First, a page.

Tracking COVID-19: Hospitalized population, still high, shows early sign of decline in Denton County

Nearly 200 patients with COVID-19 were being treated in Denton County hospitals as of Jan. 20, but that number was starting to trend downward for the first time in months.

Grizzly Burger House's menu includes the Hawaiian cheeseburger and more. (Courtesy Grizzly Burger House)
Grizzly Burger opens in Richardson and more DFW-area news

Read the latest business and community news from the Dallas-Fort Worth area.

In addition to vaccine hubs, there are also smaller community vaccine providers throughout Texas, such as pharmacies, that may also have the vaccine available. (Eva Vigh/Community Impact Newspaper)
EXPLAINED: When, where and how Texans can receive the COVID-19 vaccine

As Texas is still in the early stages of rolling out the COVID-19 vaccine, many Texans are still unsure about, where, when and how they can get inoculated.

Philly Pretzel Factory opened its doors in December in Flower Mound. (Courtesy Philly Pretzel Factory)
Philly Pretzel Factory opens doors in Flower Mound

The store serves pretzels, pretzel dogs, philly cheesesteaks and an assortment of other related food items.

Chicken-fried steak and eggs ($11.99) are served with hash browns and Texas toast. (Courtesy The Cottage)
The Cottage eatery opens in Roanoke and more DFW-area news

Read the latest business and community news from the Dallas-Fort Worth area.

Feeding Texas hosted a Jan. 19 webinar to discuss legislative highlights for the 87th Texas Legislature. (Screenshot courtesy Feeding Texas)
Food insecurity in Texas' 87th Legislature: Hunger relief organization Feeding Texas to propose legislation addressing hunger

Hunger relief organization Feeding Texas hosted a webinar Jan. 19 to discuss increasing funding and accessibility for the Supplemental Nutrition Assistance Program in the 87th legislative session.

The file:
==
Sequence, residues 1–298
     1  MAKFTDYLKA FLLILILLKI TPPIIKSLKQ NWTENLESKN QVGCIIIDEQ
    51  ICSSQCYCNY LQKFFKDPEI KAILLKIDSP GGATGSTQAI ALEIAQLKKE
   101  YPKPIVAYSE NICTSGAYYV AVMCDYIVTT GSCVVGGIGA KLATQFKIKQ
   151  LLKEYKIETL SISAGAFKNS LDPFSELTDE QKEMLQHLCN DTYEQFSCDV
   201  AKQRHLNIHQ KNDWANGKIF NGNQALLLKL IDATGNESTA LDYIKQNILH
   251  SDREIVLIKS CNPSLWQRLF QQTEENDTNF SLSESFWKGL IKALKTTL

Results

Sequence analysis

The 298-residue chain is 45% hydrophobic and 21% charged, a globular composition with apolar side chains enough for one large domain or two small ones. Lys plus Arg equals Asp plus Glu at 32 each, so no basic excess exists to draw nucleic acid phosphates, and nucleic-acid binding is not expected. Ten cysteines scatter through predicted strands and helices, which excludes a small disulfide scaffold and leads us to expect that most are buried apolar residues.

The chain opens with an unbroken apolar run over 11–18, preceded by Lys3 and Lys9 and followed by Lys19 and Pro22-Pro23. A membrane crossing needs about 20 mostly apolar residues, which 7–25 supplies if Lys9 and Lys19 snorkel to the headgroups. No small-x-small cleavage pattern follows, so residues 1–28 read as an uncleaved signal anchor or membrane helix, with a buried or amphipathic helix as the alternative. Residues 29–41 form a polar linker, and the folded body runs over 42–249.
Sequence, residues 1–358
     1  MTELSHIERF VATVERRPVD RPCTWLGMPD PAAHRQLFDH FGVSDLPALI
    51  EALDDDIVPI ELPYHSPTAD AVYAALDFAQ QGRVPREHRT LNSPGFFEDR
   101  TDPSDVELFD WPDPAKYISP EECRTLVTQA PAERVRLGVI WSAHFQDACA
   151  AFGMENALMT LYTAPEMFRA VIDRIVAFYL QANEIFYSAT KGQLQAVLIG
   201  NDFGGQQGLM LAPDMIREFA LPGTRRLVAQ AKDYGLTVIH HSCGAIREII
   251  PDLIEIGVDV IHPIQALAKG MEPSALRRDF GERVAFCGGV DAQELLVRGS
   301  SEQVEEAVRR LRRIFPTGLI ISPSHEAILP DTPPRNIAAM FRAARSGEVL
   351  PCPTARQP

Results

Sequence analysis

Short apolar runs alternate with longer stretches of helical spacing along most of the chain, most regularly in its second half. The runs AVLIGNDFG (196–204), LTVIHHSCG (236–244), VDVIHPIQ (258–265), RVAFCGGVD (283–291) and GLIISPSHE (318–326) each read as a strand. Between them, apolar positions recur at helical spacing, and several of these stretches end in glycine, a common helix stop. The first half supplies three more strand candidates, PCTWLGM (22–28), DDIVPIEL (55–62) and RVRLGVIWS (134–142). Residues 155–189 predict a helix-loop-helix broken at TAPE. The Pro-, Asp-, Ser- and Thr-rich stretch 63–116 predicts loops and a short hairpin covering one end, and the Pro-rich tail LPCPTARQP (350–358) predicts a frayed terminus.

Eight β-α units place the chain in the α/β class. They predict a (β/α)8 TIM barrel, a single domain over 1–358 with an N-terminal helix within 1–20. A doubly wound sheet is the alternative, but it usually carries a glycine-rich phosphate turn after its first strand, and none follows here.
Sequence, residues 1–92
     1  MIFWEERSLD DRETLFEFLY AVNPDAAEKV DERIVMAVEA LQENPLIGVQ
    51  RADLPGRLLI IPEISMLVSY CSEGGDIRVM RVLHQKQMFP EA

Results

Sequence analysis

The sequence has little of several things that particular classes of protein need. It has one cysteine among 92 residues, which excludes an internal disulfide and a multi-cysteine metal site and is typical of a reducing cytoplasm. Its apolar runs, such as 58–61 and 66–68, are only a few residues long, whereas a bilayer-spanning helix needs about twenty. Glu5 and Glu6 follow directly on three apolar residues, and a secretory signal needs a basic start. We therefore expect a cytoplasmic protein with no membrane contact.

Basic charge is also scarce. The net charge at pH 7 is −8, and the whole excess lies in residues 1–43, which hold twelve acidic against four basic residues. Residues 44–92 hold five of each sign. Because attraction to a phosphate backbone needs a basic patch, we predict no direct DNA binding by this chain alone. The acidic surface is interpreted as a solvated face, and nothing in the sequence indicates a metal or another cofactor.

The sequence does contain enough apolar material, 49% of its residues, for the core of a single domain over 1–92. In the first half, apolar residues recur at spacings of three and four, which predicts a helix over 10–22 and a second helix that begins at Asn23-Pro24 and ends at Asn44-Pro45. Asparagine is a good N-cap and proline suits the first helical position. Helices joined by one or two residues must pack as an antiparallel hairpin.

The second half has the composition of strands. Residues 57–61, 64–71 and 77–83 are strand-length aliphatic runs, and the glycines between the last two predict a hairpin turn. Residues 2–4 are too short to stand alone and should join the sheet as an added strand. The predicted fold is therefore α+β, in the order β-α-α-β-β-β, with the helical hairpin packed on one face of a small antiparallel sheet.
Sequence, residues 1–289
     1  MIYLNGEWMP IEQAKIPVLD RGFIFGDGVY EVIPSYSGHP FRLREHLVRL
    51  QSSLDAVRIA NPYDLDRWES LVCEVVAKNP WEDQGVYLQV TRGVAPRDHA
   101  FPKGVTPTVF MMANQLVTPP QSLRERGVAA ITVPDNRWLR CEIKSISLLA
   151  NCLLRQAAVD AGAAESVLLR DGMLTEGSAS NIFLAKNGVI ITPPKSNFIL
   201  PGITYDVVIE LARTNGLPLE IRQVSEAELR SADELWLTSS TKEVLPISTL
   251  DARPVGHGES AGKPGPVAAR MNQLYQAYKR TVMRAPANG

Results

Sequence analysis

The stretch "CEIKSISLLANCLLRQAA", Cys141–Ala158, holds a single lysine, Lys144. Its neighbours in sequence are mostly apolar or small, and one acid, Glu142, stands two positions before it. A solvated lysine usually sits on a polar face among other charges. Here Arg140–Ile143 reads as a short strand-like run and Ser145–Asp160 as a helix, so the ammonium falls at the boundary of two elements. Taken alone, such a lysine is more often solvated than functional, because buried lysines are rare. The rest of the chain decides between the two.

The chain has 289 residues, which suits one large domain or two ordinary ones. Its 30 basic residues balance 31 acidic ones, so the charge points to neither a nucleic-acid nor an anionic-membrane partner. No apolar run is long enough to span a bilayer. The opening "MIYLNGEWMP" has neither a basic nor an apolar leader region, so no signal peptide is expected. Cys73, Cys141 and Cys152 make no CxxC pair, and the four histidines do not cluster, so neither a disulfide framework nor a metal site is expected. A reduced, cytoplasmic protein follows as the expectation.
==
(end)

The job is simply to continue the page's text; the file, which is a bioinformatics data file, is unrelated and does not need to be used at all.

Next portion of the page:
Three Highland Village City Council races will be on the ballot in May. The filing period ends Feb. 12. (Ally Crutcher/Community Impact Newspaper)
Who's filed to run: Highland Village City Council races on the ballot in May

Voters in May will decide races for three seats on the Highland Village City Council.

Two Lewisville ISD trustee spots will be on the ballot for the May elections. The deadline to file is Feb. 12. (Daniel Houston/Community Impact Newspaper)
Who's filed to run: 2 spots on Lewisville ISD board of trustees

The candidate filing period is open through Feb. 12 for Places 1 and 2 on the Lewisville ISD board of trustees.

The city of Lewisville's population grew by more than 7% from 2014-19. (Daniel Houston/Community Impact Newspaper)
Who's filed to run: Lewisville City Council seats up for grabs as May elections approach

Two Lewisville City Council races—including one for the mayor's seat—will be on the ballot as the city prepares for its next round of municipal elections in May.

COVID-19 vaccines
DATA: Texas has vaccinated about 9% of estimated Phase 1 recipients

Over 1.1 million individuals from the Phase 1 population, which is estimated to include 13.5 million individuals total, have received at least one dose.

Bob Popinski, policy director of Raise Your Hand Texas, shared the organization's top education priorities for the ongoing legislative session. (Courtesy Adobe Stock)
‘What does virtual learning and remote learning look like moving forward?': Raise Your Hand Texas policy director talks legislative priorities

Bob Popinski is the director of policy for Raise Your Hand Texas, an Austin-based organization committed to improving public education. He spoke with Community Impact Newspaper in late December about the 87th legislative session, which began Jan. 12.

The city of Lewisville has had a plan in place for more than half a decade to guide development in the Northern Gateway area west of I-35E. (Daniel Houston/Community Impact Newspaper)
Story to watch in 2021: Northern Gateway land off Justin Road attracts big-name developer

The land in question represents more than one-tenth of the Northern Gateway area.